Lying in his own blood on the battlefield near Mansoura, his standard covering his grievously wounded body, Emir Fakhr al-Din departed this world on 8 February 1250. He had left his encampment with a handful of guards to assess the army of King Louis IX and devise a plan to defend Egypt from the onslaught of what became known as the Seventh Crusade. But before he could make it back to safety, he was cut down in an ambush. This was a sad ending for someone who only a few months earlier had become the de facto ruler of the Ayyubid sultanate.
Luck as well as talent had destined Fakhr al-Din for greatness. His mother had nursed the future Ayyubid sultan al-Kamil, which strengthened the bond between the two families. So when al-Kamil became sovereign in 1218, Fakhr al-Din was his closest confidant, and never left his side except on important missions.
One of these missions was an embassy to Sicily to negotiate an alliance with Emperor Frederick II of Hohenstaufen. Fakhr al-Din achieved much more than that. In the short time he stayed in Palermo, he profoundly impressed the emperor. The two conversed about science, falconry and poetry, and before sailing back to Egypt, Frederick held a ceremony to knight his Muslim friend.
The two agendas
The story of Fakhr al-Din sums up the history of Muslim-crusader interactions during the period. There were times for war a lot of it. There were other times for diplomacy, alliances, friendships, commerce and the exchange of science and knowledge. There were also times when war and peace coincided. This complex legacy of the crusader period in the Middle East is little known. The reason is simple: many modern histories of the crusades have focussed on the violence of the period – and, in doing so, have blurred our ability to see the other side. This was no honest mishap. We have inadvertently allowed modern agendas – one Eurocentric, the other Islamocentric – to determine the way we have reconstructed crusader history.
Indeed, since the 18th century, the Eurocentric and Islamocentric agendas have imposed themselves on the historiography of the crusades. They have shaped its narrative as a clash of civilisations. In the process, all the evidence to the contrary has been silenced or ignored; if acknowledged at all, it has only been seen as inconsequential marginalia.
When crusader history is treated as ‘European’ history, it becomes easy to think of it as a past extension of modern Europe, tied to the national narratives of modern European countries (Italy, France and Germany, to name a few – none of which existed as such in the Middle Ages). This also tempts scholars and readers to reassess and evaluate the crusades in terms of the values they personally cherish. The Eurocentric agenda led some to imagine the crusaders as predecessors of those later colonialists whose duty was to ‘civilise’ the world – as in the French scholar Joseph-François Michaud’s 1840 Histoire des Croisades (‘The History of the Crusades’), a book that still exerts tremendous impact in Europe in general, and France in particular. Other Europeans, influenced by the ideals of the Enlightenment or enraptured by oriental romanticism, were critical of the crusades and treated them as an ugly mix of religious fanaticism and savagery – the Europe they wanted condemned. Two examples of this trend are Sir Walter Scott’s 1825 novel The Talisman and the 1935 movie The Crusades by the great American film-maker Cecil B DeMille.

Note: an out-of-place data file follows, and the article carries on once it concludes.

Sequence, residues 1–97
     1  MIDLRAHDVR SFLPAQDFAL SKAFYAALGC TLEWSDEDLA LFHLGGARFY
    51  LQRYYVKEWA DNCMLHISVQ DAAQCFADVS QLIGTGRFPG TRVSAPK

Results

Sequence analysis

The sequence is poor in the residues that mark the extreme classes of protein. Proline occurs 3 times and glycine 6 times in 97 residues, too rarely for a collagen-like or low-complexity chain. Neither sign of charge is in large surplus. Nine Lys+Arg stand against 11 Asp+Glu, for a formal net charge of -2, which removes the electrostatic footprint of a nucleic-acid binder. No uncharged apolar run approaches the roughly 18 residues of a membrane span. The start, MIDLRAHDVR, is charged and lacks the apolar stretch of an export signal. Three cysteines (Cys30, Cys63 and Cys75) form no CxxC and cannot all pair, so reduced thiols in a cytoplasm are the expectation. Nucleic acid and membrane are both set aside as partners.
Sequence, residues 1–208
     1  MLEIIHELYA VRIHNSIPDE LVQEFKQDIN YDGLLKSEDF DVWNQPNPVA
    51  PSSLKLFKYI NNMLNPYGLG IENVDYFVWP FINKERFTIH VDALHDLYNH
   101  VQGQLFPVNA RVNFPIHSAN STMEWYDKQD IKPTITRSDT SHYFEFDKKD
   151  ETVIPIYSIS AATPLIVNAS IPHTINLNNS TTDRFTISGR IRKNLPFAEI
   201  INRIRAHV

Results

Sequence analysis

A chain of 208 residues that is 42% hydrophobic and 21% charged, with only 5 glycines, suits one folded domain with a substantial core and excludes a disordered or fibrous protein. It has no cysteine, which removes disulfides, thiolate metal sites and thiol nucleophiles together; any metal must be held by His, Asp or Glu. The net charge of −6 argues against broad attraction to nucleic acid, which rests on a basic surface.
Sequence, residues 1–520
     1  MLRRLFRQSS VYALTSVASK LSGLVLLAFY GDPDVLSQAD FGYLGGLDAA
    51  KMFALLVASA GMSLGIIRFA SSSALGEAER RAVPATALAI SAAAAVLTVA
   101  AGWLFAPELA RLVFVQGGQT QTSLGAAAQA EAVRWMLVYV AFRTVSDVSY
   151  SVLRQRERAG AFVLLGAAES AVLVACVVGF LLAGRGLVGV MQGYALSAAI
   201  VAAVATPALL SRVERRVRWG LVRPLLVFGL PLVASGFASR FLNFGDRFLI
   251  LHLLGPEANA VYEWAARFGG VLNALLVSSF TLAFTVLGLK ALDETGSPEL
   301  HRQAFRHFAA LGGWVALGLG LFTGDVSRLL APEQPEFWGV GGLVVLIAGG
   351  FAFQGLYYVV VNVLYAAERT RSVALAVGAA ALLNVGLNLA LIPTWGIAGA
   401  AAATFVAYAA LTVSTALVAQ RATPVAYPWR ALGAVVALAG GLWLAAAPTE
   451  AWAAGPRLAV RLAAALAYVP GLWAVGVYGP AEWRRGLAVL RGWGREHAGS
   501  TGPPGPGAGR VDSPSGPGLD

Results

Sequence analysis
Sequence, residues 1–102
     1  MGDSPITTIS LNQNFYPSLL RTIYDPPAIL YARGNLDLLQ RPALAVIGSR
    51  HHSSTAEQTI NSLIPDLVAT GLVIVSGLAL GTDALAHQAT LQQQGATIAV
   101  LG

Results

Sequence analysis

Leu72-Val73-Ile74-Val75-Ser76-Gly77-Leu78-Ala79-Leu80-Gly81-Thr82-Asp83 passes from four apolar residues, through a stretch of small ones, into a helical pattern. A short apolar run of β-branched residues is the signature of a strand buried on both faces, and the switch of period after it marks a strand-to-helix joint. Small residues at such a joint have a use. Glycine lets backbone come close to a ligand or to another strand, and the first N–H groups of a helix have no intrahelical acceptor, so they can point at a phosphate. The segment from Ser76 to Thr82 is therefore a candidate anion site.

The Eurocentric reading of crusader history also gave medieval European sources a place of dominance in writing the modern narrative of the crusades. As such, non-European medieval sources, which document the experiences of Greek-Byzantines, Armenians, Muslims and Arab-Christians, are read according to the European sources. I do not mean to say that these other sources furnish a more accurate history, but they are indispensable for a proper understanding of the complexity of crusader history, and must be given a central place in the rewriting of the narrative, rather than a secondary role.
A humiliating fate
Similarly, the Islamocentric reading of crusader history was shaped during the years of colonial subjugation of most Muslim-inhabited lands, starting in the 19th century. Modern Muslim scholars have both imagined and used the crusades as a predecessor of European colonialism; they forewarn of the colonialists’ evil schemes and augur that they will assuredly meet the same humiliating fate as their medieval ancestors. A great example of this trend is found in the popular survey Al-Haraka al-Salibiyya (‘The Crusader Movement’) by the Egyptian Said Ashour, which was first published in 1963. These Islamocentric readings selectively employ Arab sources from the period, and champion specific figures such as Saladin and Baybars by exaggerating their anti-crusader accomplishments, and ignoring their friendly interactions with certain groups among the crusaders.